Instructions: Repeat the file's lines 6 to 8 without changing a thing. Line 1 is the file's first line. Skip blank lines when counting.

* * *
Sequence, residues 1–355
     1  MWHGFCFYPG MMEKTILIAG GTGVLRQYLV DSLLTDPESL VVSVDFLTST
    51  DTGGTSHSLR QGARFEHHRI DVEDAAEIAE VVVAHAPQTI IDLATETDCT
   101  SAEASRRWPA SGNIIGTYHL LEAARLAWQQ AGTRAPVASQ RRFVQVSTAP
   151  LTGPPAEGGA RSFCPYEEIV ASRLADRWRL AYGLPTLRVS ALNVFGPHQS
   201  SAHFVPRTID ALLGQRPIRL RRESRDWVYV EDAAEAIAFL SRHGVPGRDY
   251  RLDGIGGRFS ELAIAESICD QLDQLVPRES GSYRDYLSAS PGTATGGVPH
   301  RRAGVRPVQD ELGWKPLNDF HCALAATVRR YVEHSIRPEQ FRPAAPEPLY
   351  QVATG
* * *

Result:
   201  SAHFVPRTID ALLGQRPIRL RRESRDWVYV EDAAEAIAFL SRHGVPGRDY
   251  RLDGIGGRFS ELAIAESICD QLDQLVPRES GSYRDYLSAS PGTATGGVPH
   301  RRAGVRPVQD ELGWKPLNDF HCALAATVRR YVEHSIRPEQ FRPAAPEPLY